Nocturia is a common cause of sleep fragmentation, in which sleep is interrupted all night long. Broken sleep leads to less sleep and fewer cycles of complete sleep, which are necessary for optimal health and well being.


Sleep is intended to be a time for cellular rejuvenation and the conservation of energy. During normal healthy sleep, our metabolism processes shift due to circadian system regulation to achieve this. 

Metabolism describes the way our bodies process energy (glucose). The brain uses more glucose than any other organ but uses significantly less glucose for at least half the time we sleep.

Only during REM (or “dream”) sleep does our metabolism peak. We also enjoy the release of human growth hormone (HGH) during stage 3 (deep) sleep. We need HGH for cellular regeneration and repair.

However, insulin resistance during this period of sleep occurs as well. Levels of blood glucose should also decrease as we sleep. However, these processes during sleep, which normally maintain a healthy metabolism, can be set off kilter in the presence of untreated sleep disorders.

3 sleep disorders related to insulin resistance


If you have trouble falling asleep, staying asleep, or waking up too early, then you are experiencing insomnia.

Generally, most people need to meet the demands of family life, work, or school, so they don’t have the option of sleeping longer into the morning to make up for lost sleep.

This means the tossing and turning results in nights where people are getting far less sleep than recommended (7 to 9 hours is the target).

One random night of sleeplessness is not problematic; it’s normal for most people. However, if you’re experiencing night after night of lost sleep, and it’s been going on for at least 3 months, what you’re experiencing is no longer a random case of insomnia, but chronic insomnia.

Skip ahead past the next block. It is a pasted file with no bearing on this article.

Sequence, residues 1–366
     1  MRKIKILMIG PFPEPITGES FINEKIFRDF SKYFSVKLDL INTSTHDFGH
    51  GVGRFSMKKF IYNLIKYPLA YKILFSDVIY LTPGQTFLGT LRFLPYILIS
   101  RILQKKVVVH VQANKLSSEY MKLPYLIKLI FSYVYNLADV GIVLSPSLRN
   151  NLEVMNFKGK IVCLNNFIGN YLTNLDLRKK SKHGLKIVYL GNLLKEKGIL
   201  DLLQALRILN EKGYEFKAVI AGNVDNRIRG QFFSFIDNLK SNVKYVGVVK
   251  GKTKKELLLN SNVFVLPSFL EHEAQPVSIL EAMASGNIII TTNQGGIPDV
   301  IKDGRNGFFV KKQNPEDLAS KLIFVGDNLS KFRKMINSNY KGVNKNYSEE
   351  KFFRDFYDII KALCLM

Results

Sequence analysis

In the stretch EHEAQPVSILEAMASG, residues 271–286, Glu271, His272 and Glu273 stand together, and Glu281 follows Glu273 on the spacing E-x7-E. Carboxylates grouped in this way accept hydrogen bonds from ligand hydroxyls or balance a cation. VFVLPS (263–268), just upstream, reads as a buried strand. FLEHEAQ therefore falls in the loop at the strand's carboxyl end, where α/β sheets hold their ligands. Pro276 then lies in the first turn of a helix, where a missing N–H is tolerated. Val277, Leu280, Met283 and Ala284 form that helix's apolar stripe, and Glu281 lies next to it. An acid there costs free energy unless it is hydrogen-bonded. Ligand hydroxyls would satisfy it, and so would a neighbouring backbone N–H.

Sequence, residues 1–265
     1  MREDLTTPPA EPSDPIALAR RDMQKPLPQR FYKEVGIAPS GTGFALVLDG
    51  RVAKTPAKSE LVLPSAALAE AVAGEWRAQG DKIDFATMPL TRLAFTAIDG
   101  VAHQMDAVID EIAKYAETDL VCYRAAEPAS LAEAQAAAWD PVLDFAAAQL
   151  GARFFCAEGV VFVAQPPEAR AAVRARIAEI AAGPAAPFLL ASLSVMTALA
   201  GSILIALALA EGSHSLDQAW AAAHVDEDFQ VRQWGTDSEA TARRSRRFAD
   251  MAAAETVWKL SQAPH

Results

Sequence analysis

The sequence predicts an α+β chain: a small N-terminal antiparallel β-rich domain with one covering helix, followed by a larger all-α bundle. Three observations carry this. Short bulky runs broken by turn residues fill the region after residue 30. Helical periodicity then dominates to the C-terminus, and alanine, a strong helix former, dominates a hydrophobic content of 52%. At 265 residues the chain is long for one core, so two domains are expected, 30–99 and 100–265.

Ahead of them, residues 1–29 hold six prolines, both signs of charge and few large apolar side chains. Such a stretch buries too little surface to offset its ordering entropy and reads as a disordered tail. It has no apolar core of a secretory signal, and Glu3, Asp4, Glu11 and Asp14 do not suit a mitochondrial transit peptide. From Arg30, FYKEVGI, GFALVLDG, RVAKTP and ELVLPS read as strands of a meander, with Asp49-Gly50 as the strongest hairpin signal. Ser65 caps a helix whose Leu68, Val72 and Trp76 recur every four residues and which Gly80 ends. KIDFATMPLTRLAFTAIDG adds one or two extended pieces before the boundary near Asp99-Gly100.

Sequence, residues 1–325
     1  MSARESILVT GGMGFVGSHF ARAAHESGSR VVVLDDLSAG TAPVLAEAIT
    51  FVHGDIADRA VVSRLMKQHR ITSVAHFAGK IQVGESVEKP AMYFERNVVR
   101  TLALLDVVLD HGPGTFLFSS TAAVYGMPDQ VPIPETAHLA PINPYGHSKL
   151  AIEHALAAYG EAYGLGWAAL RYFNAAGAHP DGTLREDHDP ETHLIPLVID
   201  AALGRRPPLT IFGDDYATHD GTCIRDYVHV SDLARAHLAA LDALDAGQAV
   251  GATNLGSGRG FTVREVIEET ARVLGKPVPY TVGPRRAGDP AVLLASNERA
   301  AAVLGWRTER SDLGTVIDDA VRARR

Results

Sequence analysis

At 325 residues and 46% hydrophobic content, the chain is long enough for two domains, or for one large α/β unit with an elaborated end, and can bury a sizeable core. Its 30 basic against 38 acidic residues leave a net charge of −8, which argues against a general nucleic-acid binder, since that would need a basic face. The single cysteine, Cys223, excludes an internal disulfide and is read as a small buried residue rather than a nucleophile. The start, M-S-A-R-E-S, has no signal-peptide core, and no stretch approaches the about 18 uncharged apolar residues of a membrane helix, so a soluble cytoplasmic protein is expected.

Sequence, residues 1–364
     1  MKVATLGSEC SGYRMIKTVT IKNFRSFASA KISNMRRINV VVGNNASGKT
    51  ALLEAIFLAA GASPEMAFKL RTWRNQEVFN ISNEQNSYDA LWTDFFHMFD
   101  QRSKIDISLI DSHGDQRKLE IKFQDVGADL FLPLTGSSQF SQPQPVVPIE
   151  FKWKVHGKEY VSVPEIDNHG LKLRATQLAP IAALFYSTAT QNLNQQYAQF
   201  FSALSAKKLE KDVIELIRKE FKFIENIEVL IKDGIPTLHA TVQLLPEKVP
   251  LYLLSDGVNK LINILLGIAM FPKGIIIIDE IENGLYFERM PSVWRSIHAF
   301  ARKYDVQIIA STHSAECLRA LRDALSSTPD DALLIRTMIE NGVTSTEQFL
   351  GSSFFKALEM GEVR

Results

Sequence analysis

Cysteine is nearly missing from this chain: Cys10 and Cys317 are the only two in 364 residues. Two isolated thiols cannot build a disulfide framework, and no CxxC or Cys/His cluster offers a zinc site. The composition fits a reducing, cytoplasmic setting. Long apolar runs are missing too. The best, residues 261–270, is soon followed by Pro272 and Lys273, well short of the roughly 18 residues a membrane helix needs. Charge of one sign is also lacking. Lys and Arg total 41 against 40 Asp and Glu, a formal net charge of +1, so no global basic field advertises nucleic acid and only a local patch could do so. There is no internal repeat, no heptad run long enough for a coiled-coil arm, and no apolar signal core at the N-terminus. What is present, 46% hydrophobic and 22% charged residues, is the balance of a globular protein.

This practically guarantees you are sleep deprived and racking up a significant sleep debt. The longer you go without full nights of sleep, the harder it will be for you to “pay down” that sleep debt.

Sleep deprivation creates the proper conditions for all kinds of chronic health problems to develop, including insulin resistance.  


These sleep disorders relate to how you match your sleep-wake process to your circadian rhythms.

The human body is born with an innate set of rhythms which coordinate (or entrain to) the light-dark cycles of the Earth (all living things are born with these rhythms). Humans are meant to sleep when it is dark and be awake and alert when it is light.

However, modern-day living throws this cardinal rule of healthy balance out the window. People travel cross-country and disrupt their circadian clocks as a result (jet lag). Or they work evening or overnight shifts and are forced to sleep when during daylight (shift work disorder).

Others experience circadian dysregulation through no fault of their own. Their rhythms are set “off schedule” as in the case of night owls (who have delayed sleep phase disorder) and early birds (who have advanced sleep phase disorder).

Or, their rhythms don’t shift at the same time ever (as in the case of those with non-24 sleep-wake disorder, also known as free-running disorder), or their shifts are random, with bedtime tonight being 3pm, tomorrow at 4am, and the next day at midnight (the culprit? Irregular sleep-wake pattern). [Learn more about these sleep disorders here.]